Canto 6 of Wesley’s Inferno

Three months before my wife died of Lymphoma, I began as a sort of mental escape exercise to write a parody of Dante’s Inferno in terza rima, a verse form very inimical to rhyme-starved English. In fact, even though Dante used terza rima in his Commedia, I know of no English translation of that great work that employs it.

My plan was to write nine cantos, each consisting of nine stanzas, to render an abbreviated trip through the nine circles of hell, having as my guide the Roman poet Catullus, rather than Virgil, who led Dante through the nether regions.

Alas, my poem, now two thirds completed with this latest canto, is a failure because – guess what – writing terza rima in English is nearly impossible unless you’re a master like Shelley (see his “Ode to the West Wind”). Some of it comes off as silly, for which I apologize.

Nevertheless, I’m determined to finish it, even though I myself don’t pretend to know what it means, and cast it out into the ones and zeroes of the Internet.

Canto 6

As the rutted road like a corkscrew twisted downward
through darkness, the cries of lamentation
abated, and a more martial clash we heard

as we entered the circle of anger, an infestation,
of spiteful wretches screaming, biting, gouging,
their wounds never-healing, a damnation

deserved, according to Catullus, slouching
behind the wheel of the hell cab. “Violence
is the bane of humanity. See that man crouching

behind the rock there, sliced and bleeding?
That’s none other than Pee Wee Gaskins,
podunk mass murderer, receiving

forevermore the very same tortures he wrought
upon his brethren, and over there Joseph Goebbels,
leper-like, oozing sores, with agony forever fraught.

We were in the small intestines of hell,
as it were, the stench overpowering,
the horrors too horrible to tell

with words, the previous circles towering
above us, the worst still yet to come.
I closed my stinging eyes, myself cowering

in the backseat of the cab. “Oh, for a drop of rum,”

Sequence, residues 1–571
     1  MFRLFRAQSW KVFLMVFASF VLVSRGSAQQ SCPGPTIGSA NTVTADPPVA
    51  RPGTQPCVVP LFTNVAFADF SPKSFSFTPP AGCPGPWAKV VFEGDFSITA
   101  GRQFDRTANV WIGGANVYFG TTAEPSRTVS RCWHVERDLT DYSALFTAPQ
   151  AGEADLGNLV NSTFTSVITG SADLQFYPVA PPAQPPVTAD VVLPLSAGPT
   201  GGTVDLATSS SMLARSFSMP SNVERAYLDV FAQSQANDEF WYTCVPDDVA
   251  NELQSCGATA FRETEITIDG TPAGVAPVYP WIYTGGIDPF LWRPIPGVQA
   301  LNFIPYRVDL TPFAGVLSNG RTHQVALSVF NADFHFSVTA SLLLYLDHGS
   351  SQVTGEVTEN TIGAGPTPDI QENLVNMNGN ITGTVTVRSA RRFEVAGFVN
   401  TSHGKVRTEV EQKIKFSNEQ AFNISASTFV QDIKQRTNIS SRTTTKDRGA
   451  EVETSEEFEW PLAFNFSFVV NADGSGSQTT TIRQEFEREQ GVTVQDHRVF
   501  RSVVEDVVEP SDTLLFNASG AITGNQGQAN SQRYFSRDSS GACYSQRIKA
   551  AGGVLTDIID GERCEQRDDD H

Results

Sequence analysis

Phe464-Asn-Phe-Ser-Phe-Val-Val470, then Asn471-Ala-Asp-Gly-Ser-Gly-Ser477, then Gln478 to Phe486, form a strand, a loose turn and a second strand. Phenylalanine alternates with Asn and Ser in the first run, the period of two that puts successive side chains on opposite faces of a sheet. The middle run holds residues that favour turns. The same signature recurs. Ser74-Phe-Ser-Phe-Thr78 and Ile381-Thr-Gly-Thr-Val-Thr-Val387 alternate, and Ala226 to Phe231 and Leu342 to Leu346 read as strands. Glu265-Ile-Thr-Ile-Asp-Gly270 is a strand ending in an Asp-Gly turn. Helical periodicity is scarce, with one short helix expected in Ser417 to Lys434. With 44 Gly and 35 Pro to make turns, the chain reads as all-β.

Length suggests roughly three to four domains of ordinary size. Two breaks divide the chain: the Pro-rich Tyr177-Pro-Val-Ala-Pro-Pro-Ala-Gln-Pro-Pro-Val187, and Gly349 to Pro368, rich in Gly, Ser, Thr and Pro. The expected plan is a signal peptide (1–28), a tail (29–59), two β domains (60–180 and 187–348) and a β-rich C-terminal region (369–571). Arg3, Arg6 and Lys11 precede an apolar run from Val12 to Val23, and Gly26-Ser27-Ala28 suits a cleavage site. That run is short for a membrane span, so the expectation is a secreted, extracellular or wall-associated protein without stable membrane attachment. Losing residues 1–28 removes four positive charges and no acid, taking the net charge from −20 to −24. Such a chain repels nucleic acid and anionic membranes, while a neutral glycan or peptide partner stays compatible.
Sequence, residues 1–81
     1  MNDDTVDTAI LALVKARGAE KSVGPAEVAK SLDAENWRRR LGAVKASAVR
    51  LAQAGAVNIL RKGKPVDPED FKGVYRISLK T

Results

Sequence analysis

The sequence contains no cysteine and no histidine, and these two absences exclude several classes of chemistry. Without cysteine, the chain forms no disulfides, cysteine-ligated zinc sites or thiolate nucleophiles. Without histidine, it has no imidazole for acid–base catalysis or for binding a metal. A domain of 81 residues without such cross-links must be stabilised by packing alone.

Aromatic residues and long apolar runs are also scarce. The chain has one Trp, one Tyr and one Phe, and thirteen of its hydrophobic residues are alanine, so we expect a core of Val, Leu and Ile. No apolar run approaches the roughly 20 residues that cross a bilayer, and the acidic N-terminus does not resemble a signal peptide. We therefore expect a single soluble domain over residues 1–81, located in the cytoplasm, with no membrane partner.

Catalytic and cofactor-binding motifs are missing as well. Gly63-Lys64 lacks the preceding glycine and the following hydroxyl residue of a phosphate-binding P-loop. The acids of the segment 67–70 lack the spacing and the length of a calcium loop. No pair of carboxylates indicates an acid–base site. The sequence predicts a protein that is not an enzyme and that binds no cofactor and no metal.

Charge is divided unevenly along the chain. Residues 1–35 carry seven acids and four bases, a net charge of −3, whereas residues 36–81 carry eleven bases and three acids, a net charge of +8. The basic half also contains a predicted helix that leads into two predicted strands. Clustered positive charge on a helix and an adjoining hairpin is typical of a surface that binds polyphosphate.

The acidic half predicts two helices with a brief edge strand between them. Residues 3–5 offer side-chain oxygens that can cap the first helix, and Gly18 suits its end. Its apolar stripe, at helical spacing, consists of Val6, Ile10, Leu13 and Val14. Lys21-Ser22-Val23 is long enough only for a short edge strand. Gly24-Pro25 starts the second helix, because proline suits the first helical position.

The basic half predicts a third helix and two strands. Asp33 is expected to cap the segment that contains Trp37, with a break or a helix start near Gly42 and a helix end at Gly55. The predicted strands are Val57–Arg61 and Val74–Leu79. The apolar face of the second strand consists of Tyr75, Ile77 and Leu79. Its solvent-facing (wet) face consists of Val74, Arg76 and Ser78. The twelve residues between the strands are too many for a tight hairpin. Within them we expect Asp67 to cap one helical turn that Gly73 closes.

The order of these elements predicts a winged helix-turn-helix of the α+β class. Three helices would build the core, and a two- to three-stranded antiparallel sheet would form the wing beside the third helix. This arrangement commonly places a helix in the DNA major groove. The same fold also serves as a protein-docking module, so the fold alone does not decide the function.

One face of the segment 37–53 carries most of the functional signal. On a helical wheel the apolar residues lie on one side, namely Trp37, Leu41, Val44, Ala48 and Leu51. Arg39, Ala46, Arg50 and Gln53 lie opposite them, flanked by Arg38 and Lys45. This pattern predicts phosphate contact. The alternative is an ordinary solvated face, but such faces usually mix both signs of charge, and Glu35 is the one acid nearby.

I sighed, and Catullus smiled, pulled out a flask,
“Here,” he said, reaching back, “please have some.

It’s not much to ask
after what you’ve been through,
donning the sackcloth with a mouthful of ash.

Wesley’s Inferno, Canto 3

 

Canto 3

 

Charon chided Catullus as the cab

pulled into a line labeled LUST.

Waving arms, speaking Latin, babbling,

 

Catullus flashed credentials. Trust me;

Charon was one ugly dude. Liberace crossed

with Elephant Man, plus a dash of Jackie Gleason,

 

snot running down his nose, the grossest

shit I’d ever seen. As we rolled onto the one-car ferry,

it occurred to me that here there was no rest,

 

no coffee breaks, no take five, no reprieves.

The river, appropriately hellish, polluted,

frothing, malodorous, reeking

 

of industry and death. I recruited

all my strength, closed my eyes, the screech

of machinery assaulting unabated.

 

I passed out, my sense driven beyond the reach

of enduring. A thunderclap awakened me

after what seemed centuries. “That’ll teach

 

you,” Catullus, said enigmatically,

apropos of zilch. “When’s the last time

you’ve been to a drive in?” he asked. “See,

 

bro you, bout to get dipped into some slime,

awful porno, meet punishment for the lustful,

who squandered earth-time

 

always seeking sex, overdoing it, never fulfilled.”

The ferry approached a dimly lit dock,

An oily humidity had replaced the river’s dank chill.